(Bloomberg) — Commodities may deliver breathtaking returns amid tight supplies and low inventories, according to JPMorgan Chase & Co.’s mid-year outlook.
Returns could total 10% by the end of the northern hemisphere summer and 5% by year-end. Volatility will also stay elevated, the report said. Oil may touch $150 per barrel in the short-term, while corn could reach $13 a bushel — a record price by a long shot.
“Lack of inventory buffer is leaving the market vulnerable to unplanned supply outages, such as the spiraling Libyan protests, worsening US crop conditions and active hurricane season in the Atlantic that may shut down refiners in the Gulf of Mexico,” analysts including Natasha Kaneva said in the report.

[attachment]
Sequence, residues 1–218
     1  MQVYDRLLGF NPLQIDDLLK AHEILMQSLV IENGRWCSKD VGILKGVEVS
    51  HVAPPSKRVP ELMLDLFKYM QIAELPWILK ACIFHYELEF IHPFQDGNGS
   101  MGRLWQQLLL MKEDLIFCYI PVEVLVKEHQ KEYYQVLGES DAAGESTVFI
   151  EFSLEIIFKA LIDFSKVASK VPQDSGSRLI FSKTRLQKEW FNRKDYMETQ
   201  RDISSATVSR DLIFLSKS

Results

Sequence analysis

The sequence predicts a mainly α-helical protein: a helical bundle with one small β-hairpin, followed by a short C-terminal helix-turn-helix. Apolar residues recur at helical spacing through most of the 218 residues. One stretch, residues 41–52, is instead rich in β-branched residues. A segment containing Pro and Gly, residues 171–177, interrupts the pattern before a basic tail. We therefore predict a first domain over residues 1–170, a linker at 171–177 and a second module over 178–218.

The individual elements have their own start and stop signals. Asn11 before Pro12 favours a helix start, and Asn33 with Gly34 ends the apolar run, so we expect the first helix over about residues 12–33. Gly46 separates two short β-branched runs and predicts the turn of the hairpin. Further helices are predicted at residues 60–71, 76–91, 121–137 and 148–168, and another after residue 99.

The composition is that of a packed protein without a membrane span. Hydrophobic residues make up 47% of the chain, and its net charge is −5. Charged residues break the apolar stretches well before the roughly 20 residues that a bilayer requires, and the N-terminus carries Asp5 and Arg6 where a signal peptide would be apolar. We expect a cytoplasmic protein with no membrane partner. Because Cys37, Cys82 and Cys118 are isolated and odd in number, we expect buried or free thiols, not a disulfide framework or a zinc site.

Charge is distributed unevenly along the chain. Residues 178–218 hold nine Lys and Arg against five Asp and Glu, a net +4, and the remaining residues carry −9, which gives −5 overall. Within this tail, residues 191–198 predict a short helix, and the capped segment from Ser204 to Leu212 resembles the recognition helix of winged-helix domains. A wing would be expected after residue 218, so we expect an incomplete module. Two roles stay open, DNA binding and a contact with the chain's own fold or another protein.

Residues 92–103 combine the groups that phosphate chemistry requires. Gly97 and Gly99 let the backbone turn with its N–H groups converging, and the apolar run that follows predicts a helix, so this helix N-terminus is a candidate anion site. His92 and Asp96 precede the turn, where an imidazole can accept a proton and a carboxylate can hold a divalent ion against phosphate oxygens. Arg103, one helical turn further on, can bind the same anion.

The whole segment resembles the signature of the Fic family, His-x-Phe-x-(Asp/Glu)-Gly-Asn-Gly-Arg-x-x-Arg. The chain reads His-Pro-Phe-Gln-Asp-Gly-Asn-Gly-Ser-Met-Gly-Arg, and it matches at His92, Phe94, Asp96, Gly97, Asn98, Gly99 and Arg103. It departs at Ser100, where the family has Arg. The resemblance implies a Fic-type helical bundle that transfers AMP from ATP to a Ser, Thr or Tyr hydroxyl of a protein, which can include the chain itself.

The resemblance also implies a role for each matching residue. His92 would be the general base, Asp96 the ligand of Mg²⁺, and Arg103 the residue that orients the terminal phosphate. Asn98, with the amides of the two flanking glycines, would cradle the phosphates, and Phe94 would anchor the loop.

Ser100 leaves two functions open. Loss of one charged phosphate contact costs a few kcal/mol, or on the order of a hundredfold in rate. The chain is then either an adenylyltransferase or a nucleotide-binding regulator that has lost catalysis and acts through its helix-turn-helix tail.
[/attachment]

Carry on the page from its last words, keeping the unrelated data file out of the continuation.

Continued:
Because of the conditions, “the entire complex remains a buy,” the report said. Volatility of the Bloomberg Commodity Index more than doubled since before the pandemic, the report said.
In oil, global markets have tightened with refining capacity reduced in Russia and China, and shortages of gas and diesel getting worse as demand climbs for transportation fuels. In agriculture, the report says there’s “little visibility” on when grain shipments from Ukraine, the world’s fifth largest exporter, could resume. Exposure to crop commodities could therefore deliver a 30% return “under an upside scenario,” according to the report.
For consumers, there will be little relief from food inflation and high prices.
“Unlike prior food price inflationary episodes, high prices alone will in not be sufficient to solve the inventory crunch on this occasion, which is likely to be lasting in our view,” the report said.
(Updates with comments on volatility in the fourth paragraph.)
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